Residential Power Distribution
Power distribution systems are used in every residential, commercial buildings and industrial fascilities to safely control the distribution of electrical power throughout the facility.
Most of us are familiar with the power distribution system found in the average home. Power, purchased from a utility company, enters the house through a metering device. The power is then distributed from a load center to various branch circuits for lighting, appliances, and electrical outlets.
Commercial and Industrial Power distribution
Power distribution systems used in multi-family, commercial, and industrial facilities are more complex. A power distribution system consists of metering devices to measure power consumption, main and branch disconnects, protective devices, switching devices to start and stop power flow, conductors, and transformers. Power may be distributed through various switchboards, transformers, and panelboards.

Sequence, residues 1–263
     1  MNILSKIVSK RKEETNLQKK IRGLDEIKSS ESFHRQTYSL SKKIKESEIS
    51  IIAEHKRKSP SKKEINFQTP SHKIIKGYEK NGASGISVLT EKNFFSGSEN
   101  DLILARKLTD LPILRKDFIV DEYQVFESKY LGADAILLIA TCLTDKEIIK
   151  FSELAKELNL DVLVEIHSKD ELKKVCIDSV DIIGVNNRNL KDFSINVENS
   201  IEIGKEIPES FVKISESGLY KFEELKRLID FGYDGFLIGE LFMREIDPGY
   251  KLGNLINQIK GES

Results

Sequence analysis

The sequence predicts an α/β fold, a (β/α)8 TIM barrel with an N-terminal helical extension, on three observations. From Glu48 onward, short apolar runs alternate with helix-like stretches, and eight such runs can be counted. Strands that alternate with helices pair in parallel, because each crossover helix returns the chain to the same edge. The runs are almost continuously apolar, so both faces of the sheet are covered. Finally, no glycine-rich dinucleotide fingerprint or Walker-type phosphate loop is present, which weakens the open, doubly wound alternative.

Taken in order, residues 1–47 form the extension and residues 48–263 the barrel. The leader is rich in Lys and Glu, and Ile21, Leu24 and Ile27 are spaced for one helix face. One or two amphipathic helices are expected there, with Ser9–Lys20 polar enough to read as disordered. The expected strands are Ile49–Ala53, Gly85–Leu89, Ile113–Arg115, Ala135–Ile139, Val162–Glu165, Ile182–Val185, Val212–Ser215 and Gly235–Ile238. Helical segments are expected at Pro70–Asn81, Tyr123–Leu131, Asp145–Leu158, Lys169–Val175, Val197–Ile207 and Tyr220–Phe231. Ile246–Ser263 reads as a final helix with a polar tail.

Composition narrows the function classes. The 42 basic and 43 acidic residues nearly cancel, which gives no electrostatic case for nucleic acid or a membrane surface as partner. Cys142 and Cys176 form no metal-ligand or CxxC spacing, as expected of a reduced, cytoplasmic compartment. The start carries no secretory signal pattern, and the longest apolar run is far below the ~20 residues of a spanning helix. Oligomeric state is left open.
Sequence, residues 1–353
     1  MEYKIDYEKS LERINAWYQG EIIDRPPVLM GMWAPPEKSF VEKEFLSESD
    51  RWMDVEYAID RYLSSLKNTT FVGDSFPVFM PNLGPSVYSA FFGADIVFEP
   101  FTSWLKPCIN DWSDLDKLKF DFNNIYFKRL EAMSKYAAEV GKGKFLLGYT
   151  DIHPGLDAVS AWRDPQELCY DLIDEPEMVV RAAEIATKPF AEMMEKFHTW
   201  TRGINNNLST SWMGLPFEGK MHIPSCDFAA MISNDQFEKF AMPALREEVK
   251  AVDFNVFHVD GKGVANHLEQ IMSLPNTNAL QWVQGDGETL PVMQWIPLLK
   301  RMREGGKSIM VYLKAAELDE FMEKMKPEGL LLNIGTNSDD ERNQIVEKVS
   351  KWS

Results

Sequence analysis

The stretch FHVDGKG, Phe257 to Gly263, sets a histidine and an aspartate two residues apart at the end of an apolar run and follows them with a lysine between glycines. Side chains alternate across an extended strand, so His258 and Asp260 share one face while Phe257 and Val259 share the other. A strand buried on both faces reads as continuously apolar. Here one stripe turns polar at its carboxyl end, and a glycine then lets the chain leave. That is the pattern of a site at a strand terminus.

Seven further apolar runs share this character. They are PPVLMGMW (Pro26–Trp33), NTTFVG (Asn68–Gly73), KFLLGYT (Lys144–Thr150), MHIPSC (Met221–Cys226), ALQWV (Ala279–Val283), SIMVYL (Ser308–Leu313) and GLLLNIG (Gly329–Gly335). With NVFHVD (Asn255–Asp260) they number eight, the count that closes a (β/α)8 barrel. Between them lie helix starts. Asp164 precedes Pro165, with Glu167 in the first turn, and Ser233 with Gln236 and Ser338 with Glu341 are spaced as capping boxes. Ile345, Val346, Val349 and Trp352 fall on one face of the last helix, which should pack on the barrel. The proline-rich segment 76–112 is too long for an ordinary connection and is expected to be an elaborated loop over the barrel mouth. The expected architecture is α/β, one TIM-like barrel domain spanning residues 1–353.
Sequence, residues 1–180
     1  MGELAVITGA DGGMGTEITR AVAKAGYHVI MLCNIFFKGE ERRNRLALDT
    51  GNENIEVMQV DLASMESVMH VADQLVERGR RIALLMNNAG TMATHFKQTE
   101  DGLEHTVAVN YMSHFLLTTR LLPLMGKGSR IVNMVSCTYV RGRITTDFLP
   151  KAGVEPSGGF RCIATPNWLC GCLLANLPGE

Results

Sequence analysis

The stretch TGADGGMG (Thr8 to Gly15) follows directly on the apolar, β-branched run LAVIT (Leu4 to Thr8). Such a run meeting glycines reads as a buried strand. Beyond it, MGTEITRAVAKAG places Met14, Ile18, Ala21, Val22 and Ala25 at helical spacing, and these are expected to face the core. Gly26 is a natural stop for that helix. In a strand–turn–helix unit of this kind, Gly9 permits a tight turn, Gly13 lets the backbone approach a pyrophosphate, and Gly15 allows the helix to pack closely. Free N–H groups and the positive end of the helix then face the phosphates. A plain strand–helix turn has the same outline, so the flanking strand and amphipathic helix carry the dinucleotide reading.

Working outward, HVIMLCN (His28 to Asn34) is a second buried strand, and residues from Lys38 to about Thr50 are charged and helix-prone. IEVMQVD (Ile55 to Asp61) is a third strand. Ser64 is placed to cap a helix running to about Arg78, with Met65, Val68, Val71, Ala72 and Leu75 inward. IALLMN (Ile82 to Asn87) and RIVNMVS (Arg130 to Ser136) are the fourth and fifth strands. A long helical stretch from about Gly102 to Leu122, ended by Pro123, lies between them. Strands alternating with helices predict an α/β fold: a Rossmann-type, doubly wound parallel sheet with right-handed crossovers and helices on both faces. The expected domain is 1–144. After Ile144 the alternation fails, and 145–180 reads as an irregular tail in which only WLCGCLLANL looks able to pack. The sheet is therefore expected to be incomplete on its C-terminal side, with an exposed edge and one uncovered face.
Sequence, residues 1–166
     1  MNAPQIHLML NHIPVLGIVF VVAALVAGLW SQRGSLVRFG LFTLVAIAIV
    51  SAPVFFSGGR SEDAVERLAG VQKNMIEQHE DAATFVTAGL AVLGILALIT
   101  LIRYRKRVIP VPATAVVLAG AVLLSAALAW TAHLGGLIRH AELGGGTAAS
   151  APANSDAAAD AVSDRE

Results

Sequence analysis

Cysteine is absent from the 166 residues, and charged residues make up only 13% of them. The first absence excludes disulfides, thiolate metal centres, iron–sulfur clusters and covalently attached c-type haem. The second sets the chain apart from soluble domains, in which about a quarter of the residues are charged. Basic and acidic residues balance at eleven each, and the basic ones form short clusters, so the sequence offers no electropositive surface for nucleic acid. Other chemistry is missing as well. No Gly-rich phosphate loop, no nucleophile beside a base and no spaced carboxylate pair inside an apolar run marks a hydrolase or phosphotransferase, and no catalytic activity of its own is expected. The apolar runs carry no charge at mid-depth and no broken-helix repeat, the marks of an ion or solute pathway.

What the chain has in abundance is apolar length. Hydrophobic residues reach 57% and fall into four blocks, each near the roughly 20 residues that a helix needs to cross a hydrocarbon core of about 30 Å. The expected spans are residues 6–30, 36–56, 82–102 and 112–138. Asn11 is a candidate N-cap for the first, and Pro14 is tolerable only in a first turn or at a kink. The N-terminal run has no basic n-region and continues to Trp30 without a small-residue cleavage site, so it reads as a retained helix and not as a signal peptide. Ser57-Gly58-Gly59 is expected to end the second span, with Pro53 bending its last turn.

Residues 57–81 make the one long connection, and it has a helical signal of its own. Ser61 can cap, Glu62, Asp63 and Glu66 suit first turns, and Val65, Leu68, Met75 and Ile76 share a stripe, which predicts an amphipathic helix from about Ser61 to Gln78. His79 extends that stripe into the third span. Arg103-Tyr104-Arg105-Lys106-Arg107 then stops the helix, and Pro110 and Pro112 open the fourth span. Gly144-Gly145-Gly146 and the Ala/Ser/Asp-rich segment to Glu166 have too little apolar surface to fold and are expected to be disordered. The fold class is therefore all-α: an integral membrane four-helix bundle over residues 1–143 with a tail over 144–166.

Good distribution systems don’t just happen. Careful engineering is required so that the distribution system safely and efficiently supplies adequate electric service to existing loads and has expansion capacity for possible future loads.
The National Electrical Code® (NEC®) defines a panelboard as a single panel or group of panel units designed for assembly in the form of a single panel, including buses and automatic overcurrent devices, and equipped with or without switches for the control of light, heat, or power circuits; designed to be placed in a cabinet or cutout box placed in or against a wall, partition, or other support; and accessible only from the front (Article 1 00-Definitions).
In summary, according to the NEC® definition, panelboards are:
- Used to control light, heat, or power circuits
- Placed in a cabinet or cutout box
- Mounted in or against a wall
- Accessible only from the front
For additional information, refer to National Electrical Code® Article 408, Switchboards and Panelboards. Panelboards are frequently divided into two categories:
- Lighting and appliance branch-circuit panelboards
- Power panelboards (also called distribution panelboards)
Prior to the publication of the National Electrical Code®, the distinction between these two panelboard types was described in Articles 408.34 and 408.35. These articles have been removed from the 2008 code. However, it will take time for the industry to adapt to this change. Therefore, Articles 408.34 and 408.35 of the 2005 National Electrical Code® still warrant discussion.
|Title:||Basics of Panelboards – SIEMENS|
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